For years, the two trees in front of Shelia Jasper’s Baldwin Harbor home had branches filled with leaves, just like many others on the community’s tree-lined streets. But now, Jasper said, they look more like “the trees depicted in a haunted house movie” after PSEG Long Island cut the branches that were near utility wires.
The trees are now shorter, and some of the branches are bare. In one case on Wolfson Drive, where Jasper lives, leaves have turned brown.
In recent weeks, PSEG LI has trimmed several trees in Baldwin to prevent limbs from falling on power lines and causing outages. Elizabeth Flagler, a spokeswoman for the utility, wrote in an email that the work has reduced tree-related outages in town by 72 percent on circuits near which trees were trimmed.
Baldwinites like Jasper, however, say the workers have trimmed too much of the trees, not only reducing the aesthetic appeal they once added to the community, but also jeopardizing the trees’ health.
Residents are not alone in that belief. Nina Bassuk, program leader of Cornell University’s Urban Horticulture Institute at the School of Integrative Plant Science, said after viewing photos of the trees that the work did not appear to follow guidelines set by the American National Standards Institute. (PSEG LI’s website claims it adheres to those standards.) Bassuk said she was concerned that too much foliage was cut off — no more than 25 percent of foliage should be trimmed at once, she said — and that the trees may “respond in a way that is hazardous.”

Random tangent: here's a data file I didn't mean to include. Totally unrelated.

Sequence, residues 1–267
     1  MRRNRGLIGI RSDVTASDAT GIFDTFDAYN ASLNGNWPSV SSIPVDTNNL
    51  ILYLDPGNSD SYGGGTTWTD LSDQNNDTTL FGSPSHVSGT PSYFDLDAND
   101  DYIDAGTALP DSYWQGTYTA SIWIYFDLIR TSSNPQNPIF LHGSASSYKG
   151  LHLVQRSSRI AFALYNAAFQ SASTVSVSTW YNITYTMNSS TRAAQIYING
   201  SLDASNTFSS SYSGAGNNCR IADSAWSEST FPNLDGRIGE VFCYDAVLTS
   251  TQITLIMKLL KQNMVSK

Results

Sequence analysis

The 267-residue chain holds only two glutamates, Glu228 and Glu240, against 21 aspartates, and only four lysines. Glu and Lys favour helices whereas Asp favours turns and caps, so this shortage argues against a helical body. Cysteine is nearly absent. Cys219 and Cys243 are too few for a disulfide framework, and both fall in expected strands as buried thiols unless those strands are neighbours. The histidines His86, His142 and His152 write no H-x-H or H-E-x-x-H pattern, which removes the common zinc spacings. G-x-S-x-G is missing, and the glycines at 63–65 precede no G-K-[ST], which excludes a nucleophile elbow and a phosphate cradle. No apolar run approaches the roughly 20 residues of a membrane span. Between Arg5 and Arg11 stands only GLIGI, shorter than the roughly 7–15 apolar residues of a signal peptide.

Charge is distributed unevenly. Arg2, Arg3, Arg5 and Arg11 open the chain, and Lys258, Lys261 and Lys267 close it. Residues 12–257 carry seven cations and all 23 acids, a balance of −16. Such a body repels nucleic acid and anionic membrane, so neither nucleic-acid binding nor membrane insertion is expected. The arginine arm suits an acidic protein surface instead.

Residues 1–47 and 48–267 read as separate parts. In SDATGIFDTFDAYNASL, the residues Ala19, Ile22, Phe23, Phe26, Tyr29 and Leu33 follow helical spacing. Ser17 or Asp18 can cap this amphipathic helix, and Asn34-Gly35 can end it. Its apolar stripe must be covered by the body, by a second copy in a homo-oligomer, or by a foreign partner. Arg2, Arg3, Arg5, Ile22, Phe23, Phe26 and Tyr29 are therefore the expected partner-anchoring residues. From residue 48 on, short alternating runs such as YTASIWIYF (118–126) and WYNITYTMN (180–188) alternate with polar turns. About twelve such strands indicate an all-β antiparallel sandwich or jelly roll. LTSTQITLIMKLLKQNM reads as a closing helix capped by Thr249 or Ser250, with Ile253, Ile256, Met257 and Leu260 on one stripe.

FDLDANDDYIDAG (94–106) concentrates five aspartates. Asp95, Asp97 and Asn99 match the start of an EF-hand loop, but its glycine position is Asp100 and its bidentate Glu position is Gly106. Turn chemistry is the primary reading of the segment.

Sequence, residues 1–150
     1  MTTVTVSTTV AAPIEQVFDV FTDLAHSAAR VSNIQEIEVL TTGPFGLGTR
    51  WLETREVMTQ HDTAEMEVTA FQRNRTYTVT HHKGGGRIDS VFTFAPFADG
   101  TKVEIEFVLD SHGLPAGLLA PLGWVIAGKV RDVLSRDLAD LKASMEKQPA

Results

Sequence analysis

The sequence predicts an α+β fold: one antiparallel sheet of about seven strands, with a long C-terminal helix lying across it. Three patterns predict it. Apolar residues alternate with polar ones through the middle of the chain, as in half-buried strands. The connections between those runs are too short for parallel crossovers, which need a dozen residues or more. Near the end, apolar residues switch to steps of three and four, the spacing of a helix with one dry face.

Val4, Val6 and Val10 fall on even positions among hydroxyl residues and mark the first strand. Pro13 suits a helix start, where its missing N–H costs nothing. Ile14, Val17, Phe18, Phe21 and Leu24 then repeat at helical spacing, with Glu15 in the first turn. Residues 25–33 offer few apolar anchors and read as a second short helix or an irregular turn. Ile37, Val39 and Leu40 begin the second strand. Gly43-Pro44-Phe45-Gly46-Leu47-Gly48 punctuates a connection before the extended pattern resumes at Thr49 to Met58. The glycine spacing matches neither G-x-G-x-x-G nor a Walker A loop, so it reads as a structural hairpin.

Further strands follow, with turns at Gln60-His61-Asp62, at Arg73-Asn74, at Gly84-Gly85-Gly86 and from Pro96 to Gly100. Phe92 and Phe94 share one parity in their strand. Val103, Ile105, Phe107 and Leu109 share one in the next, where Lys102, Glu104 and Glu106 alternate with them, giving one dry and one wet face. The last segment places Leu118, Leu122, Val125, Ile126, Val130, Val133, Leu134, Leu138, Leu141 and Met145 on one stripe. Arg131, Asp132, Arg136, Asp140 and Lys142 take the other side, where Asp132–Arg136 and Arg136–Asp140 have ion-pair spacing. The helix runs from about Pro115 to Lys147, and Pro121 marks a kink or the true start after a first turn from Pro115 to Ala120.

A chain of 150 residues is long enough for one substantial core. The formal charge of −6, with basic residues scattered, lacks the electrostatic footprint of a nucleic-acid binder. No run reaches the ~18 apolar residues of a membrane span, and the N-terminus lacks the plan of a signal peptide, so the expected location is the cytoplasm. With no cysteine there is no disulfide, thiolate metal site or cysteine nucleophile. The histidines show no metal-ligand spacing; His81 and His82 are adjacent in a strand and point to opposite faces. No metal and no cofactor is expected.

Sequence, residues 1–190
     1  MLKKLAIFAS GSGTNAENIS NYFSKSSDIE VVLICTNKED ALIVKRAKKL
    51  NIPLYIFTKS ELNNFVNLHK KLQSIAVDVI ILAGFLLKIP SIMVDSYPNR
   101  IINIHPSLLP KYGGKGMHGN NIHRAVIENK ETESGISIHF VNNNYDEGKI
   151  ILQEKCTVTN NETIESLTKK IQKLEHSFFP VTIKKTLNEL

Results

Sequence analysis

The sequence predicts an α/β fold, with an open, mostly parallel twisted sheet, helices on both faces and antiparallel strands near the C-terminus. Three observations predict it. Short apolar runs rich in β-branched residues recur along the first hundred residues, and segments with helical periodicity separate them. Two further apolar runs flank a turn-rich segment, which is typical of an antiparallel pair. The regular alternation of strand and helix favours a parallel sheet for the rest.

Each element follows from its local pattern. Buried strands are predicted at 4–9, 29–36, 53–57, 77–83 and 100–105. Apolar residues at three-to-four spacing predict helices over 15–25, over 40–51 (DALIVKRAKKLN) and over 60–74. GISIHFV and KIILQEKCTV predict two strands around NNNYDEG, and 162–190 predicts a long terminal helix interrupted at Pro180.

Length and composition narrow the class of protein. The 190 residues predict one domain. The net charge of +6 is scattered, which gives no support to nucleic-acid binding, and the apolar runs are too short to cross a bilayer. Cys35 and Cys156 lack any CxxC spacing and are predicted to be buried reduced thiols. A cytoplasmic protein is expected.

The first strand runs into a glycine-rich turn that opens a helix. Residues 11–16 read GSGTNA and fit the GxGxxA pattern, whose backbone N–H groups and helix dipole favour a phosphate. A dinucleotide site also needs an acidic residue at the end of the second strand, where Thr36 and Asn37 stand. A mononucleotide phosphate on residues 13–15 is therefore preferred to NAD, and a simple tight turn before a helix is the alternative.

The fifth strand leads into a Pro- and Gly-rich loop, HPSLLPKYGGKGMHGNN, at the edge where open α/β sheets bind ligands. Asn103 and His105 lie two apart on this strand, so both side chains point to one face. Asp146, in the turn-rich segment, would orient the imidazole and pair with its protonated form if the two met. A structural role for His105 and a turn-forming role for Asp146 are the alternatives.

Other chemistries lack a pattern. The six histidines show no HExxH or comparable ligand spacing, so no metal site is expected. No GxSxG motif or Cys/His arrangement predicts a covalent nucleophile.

“Next year, when the trees will start to grow back, there will be a tremendous amount of small branches,” she explained. “There’s going to be lots and lots of shoots coming off those branches, and those new shoots will be very weak.”
Bassuk also said that some of the larger remaining branches are more likely to break in a storm. “I understand the need for line clearance,” she said, “but this does seem to be excessive.”
In May, the Arbor Day Foundation named PSEG LI a Tree Line USA Utility for utilizing tree-friendly practices that protect the trees. A statement at the time said that in 2017, the utility removed more than 11,000 trees and large limbs that were growing near power lines.
A spokesman for the Arbor Day Foundation wrote in an email, “Unfortunately our arborists can’t assess a situation via images.”
State Assemblyman Brian Curran, a Republican from Lynbrook, wrote in a letter to PSEG LI, “No reasonable person would argue that the action taken by the Vegetation Management Team was necessary or required to obtain the goal of safeguarding the future power supply to the area.” Curran added that the utility’s actions are “destroying the trees and the residential look of the Baldwin area.”
He said he had received several emails from Baldwin residents with before-and-after photos of the trees. “My concern is, in speaking with PSEG Long Island officials, that they’re on a four-year cycle,” Curran said. “If you look at those pictures, it’s hard to believe they’re on a four-year cycle. It looks more like a 10-year cycle.”
“Trees that grow too close to electric power lines are a top cause of power outages on Long Island,” Flagler said. “We have an obligation to provide safe, reliable service. One of the best ways we can do that is to trim trees near power lines before they can cause outages.”
Curran said he had asked PSEG LI to review the trimming program or scale back the extent to which the trees are cut, but the utility has not told him it would do either.
Bassuk said that PSEG should revisit the trees that it has already trimmed. “When you do this kind of massive cuts,” she said, “you have to come back and work with the trees.”